The crank pulley bolt was the target of today. I borrowed an electric impact gun from a fellow Westfield owner and set to work. This one apparently turns out a maximum of 450nm (331 lb/ft) and as the bolt should have been torqued to 116-122lb/ft (apologies for mixing my units) it shouldn’t have presented a problem. Of course, you knew where this was going and the bolt did indeed stay put. Lots of orange dust, but not movement on the bolt. I gave it a soaking in penetrating fluid and got to work again but still with no joy. I sprayed on some more fluid then whilst it was doing it’s thing consulted the internet to see if it was a left handed thread or something. I was sure I’d have remembered if it was, but it just didn’t make sense why the bolt still wasn’t moving.
After confirming that there was nothing unusual about the thread, I gave it another go. Still no movement… Even extended goes of 30 seconds or so only produced a ringing in my ears. I was just about to give up when I noticed at the end of the go there may have been slight movement in the bolt. It could also just have been the crank turning a little bit (though I had locked it off), but gave it another attempt just in case. Nothing for the first few seconds, then it started to move again and off it came. Phew! With the bolt removed I could also dispatch the crank drive belt pulley, crank cambelt pulley and the lower cambelt cover.
I was quite surprised to see the oil seal wasn’t leaking. I should probably replace it anyway, of course.
Next up I tackled a spare bracket that I wouldn’t need – I think it’s the air con pump bracket.
This only had one bolt left holding it on… which wasn’t particularly easy to get to.
It was hidden behind this bit sticking out here, but unfortunately you couldn’t get an open ended spanner on it either because of the rest of the bracket.
I had a look in the manual to see how it was removed but the car they used didn’t have air con. It looked like the bit covering it was pressed into the bracket and could possibly have been drifted back out. Unfortunately due to the front of the bracket I couldn’t get a punch straight on there so couldn’t use too much force.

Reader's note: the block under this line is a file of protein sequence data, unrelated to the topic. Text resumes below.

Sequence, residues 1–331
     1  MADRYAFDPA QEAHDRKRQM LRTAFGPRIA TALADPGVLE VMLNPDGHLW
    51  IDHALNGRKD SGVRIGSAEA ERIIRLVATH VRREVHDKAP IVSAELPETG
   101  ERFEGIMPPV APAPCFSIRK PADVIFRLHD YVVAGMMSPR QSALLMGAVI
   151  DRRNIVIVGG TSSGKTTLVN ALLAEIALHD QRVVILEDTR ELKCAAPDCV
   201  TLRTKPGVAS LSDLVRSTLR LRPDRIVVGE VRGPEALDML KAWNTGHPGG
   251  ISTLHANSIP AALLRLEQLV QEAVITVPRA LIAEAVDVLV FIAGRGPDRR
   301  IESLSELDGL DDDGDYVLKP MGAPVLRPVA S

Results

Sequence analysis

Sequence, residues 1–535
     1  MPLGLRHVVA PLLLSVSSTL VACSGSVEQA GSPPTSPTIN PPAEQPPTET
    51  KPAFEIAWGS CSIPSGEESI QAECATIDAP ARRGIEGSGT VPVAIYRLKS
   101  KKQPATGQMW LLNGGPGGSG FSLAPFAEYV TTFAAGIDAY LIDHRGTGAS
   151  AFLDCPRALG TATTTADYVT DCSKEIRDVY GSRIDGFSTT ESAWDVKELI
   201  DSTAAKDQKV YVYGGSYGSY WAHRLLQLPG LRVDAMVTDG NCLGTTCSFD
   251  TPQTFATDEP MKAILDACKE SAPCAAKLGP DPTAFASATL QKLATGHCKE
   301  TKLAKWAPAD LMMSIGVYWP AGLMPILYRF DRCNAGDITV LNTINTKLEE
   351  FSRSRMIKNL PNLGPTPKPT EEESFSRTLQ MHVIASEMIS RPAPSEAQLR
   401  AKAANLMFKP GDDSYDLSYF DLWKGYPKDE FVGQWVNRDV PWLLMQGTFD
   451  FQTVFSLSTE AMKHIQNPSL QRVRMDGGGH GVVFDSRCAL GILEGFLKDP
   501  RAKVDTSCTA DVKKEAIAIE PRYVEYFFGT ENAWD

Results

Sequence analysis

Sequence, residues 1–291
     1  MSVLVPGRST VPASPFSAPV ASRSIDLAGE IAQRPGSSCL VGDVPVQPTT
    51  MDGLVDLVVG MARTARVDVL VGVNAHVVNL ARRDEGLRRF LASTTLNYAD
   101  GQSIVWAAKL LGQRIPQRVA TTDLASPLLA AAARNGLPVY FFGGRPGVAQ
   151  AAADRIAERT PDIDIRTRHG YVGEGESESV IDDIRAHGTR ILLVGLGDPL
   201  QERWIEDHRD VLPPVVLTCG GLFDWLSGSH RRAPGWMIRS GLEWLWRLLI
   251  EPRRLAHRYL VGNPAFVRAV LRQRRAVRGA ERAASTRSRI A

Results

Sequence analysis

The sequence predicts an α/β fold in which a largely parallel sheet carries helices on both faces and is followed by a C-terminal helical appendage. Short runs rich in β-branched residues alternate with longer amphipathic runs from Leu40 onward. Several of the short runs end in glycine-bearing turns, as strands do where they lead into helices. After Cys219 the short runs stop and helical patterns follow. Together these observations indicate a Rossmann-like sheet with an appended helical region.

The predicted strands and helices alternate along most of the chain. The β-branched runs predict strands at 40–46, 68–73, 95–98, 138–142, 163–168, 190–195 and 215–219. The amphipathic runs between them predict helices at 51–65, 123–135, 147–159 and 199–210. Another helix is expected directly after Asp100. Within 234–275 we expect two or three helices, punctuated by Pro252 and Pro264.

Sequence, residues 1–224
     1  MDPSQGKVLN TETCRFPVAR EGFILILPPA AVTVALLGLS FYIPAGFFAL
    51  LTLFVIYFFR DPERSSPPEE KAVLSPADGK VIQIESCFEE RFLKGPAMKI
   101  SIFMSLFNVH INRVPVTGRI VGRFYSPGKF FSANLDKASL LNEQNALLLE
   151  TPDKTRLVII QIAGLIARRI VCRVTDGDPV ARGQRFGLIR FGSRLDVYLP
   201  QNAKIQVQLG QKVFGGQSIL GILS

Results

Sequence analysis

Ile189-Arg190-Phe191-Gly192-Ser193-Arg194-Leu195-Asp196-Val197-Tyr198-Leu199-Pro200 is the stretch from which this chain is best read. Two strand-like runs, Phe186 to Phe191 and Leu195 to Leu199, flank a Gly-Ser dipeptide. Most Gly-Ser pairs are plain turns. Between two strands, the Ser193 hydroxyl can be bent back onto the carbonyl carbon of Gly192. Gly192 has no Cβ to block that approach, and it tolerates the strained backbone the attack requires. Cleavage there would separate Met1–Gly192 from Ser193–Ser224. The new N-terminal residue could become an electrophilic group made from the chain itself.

Then I noticed that as that was the only bolt left, the whole bracket could pivot on it. It wasn’t particularly professional, but I just tapped the front of the bracket with a hammer until it had rotated enough to get a spanner on it. Whilst I was doing this, the bolt lost whatever friction was holding it in so rotating the bracket back and forth soon became enough to undo the bolt by hand. Not particularly elegant, but surprisingly effective!
Last to come out was the waterpump. It wasn’t leaking but I remember how much of a pain it was changing it on the original MX5 – much easier to do with the engine out of the car. Only 4 bolts holding that bad boy on.
Not that pretty in there – looks like someone may have used plain water at some point. Coupled with that and the headgasket failure I’ll be sure to give it all a good flushing anyway.
So I now need to reconsider my plans for this engine. Originally, I just wanted to bolt the top half of the mk2 engine onto the bottom half of the mk2.5, and it was supposed to be a relatively cheap project. However, whilst I’m here it would make sense to rebuild the engine to ensure longetivity in the long run. And whilst you’re at it, what parts could be upgraded… then balance all that against the fact that MX5 engines are pretty cheap so there’s a strong argument for sticking with the original plan. If something goes wrong it’s not going to be that difficult to build again. I suspect I’ll just carry on with gasket replacement, but part of me thinks it would be nice to get the block decked to increase the compression ratio a bit… whilst I’m here…
Whilst you’re there 🙂 …